Colton business and residents pitch in to help Puerto Rico

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IECN Photo/Anthony Victoria: Osvaldo Vazquez is from Bayamon, Puerto Rico. He's helping fellow Puerto Ricans with food and clothing supplies.
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It’s difficult to see fellow Puerto Ricans suffer in the aftermath of Hurricane Maria, explained Osvaldo Vazquez. It’s why he and others decided to help donate emergency items and other goods to the devastated island.

About two truck loads were delivered to Lynwood on Saturday, Sept. 30 where a local shipping company transported goods to the city of Toa Baja near Mayaguez. There are two more shipments scheduled to be sent to the Caribbean island.

The Rock Church was a big contributor to the Puerto Rican relief efforts–donating 60 pallets of bottled water, baby wipes, hand sanitizers, diapers, and canned foods

As of Tuesday, Oct. 3, there are 34 total deaths attributed to the hurricane, with electricity being estimated to be unavailable to residents for 3-6 months.

IECN Photo/Anthony Victoria: Amanda Ramirez-Cardenas helping package donations to be sent to Puerto Rico at the G T Sew & Vac store in Colton on September 30, 2017.
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“They’re struggling out there,” said Vazquez, who serves as vice president of the Victory Riders Christian Motorcycle Club. “The situation back on the island is extremely chaotic.”

The biggest worry for the 52-year-old U.S. Army veteran and retired truck driver was his 76-year-old mother’s safety. She spent more than a week without electricity or running water.

“Fortunately, my sister is arranging for my mother to come to the states,” Vazquez told IECN on Saturday. “I spoke to her two days ago and she’s OK.”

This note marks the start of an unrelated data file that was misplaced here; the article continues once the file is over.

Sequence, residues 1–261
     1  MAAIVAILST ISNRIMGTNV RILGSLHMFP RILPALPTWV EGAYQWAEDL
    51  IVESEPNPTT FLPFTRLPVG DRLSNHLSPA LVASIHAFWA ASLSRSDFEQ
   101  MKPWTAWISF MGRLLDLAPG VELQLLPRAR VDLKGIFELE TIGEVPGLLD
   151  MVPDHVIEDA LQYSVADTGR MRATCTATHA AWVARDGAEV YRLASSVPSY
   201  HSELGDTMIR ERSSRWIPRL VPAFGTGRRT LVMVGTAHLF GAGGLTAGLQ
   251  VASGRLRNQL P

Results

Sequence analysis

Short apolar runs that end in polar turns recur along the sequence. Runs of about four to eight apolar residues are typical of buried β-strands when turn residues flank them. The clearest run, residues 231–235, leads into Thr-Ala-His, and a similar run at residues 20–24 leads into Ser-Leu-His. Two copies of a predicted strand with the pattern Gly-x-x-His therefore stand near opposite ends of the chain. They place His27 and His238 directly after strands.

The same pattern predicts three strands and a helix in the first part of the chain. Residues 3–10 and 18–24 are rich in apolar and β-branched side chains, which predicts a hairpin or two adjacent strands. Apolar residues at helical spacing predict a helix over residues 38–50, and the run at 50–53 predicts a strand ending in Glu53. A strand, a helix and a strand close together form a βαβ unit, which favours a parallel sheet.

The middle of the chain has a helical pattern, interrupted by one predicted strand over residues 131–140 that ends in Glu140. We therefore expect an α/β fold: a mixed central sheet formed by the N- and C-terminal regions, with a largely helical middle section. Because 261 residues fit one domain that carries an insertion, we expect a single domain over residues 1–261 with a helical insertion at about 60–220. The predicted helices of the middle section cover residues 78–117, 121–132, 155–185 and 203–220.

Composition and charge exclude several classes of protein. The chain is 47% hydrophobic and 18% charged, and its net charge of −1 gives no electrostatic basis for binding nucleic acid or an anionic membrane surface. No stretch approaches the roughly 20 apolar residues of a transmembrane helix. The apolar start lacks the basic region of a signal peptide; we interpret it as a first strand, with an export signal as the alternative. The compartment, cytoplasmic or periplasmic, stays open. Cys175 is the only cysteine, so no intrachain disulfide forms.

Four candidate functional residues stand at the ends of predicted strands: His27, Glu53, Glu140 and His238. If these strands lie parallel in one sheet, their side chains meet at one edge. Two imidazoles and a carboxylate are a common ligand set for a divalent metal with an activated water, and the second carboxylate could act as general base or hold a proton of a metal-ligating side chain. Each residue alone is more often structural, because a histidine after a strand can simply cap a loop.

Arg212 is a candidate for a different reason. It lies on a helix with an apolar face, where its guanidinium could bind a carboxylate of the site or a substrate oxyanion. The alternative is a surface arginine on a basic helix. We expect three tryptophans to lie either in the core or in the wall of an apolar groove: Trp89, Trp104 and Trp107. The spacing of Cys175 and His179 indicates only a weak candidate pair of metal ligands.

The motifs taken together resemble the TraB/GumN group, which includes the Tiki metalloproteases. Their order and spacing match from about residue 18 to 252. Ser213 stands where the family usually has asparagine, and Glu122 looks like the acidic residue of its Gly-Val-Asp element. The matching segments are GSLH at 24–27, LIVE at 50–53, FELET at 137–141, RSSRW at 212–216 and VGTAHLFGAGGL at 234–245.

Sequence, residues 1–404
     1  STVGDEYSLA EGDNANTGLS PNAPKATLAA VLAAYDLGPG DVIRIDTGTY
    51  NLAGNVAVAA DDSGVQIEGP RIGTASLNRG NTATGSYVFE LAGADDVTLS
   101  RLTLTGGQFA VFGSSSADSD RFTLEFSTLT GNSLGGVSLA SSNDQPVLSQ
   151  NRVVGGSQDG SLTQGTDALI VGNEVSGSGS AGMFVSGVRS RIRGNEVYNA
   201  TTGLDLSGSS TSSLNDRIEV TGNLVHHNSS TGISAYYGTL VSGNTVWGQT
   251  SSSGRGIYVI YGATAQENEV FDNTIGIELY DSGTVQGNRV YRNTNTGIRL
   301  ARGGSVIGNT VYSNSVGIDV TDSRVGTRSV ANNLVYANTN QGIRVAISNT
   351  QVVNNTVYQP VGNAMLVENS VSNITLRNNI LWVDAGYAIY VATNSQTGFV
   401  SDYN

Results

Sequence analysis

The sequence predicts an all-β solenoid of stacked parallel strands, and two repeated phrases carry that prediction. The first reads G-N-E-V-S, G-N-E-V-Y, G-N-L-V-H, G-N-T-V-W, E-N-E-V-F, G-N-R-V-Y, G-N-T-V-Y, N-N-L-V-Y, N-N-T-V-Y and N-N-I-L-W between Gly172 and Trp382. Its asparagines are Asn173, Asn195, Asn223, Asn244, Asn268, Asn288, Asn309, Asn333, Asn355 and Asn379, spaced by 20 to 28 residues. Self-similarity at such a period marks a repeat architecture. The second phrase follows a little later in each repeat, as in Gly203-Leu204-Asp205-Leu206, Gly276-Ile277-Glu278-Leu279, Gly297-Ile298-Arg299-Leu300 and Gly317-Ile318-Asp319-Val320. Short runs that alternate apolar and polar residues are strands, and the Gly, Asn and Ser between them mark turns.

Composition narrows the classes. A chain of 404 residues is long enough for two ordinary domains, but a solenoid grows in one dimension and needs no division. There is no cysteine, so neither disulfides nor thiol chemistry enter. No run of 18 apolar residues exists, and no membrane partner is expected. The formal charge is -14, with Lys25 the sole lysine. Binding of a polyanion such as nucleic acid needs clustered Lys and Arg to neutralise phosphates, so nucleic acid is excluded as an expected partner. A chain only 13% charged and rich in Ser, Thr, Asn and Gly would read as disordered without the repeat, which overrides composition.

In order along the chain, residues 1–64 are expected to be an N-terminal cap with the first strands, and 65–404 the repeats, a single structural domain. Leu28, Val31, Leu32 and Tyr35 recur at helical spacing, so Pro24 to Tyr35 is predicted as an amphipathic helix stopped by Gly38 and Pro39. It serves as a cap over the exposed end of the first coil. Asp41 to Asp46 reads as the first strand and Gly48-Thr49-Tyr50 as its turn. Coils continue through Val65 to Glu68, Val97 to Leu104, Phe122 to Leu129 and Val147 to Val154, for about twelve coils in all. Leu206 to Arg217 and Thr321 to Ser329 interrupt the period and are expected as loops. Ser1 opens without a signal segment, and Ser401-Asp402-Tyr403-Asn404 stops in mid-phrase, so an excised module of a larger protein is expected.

G T Sew & Vac owner Alex Martinez helped take in emergency supplies and clothing from customers interested in helping Puerto Ricans. Roughly 130 of Martinez’s family reside in Ponce–a city that serves as a popular tourist attraction for those looking to learn about the territory’s history.

IECN Photo/Anthony Victoria: Sew & Vac owner Alex Martinez helped take in emergency supplies and clothing from residents looking to help Puerto Ricans.

Martinez said the short term goal is to ensure his fellow boricuas are given the necessary support to get by during enduring times.

“We told ourselves, ‘Hey, let’s do something. It’s better than nothing,’” said Martinez. “You have many people on fixed incomes, many retirees, and ex-military down there. They were barely making it by as it is before the hurricane.”

Martinez and Vazquez are currently searching for nonprofits or other entities to help with shipping services and fees. For more information on how to help, call (909) 556-6223.


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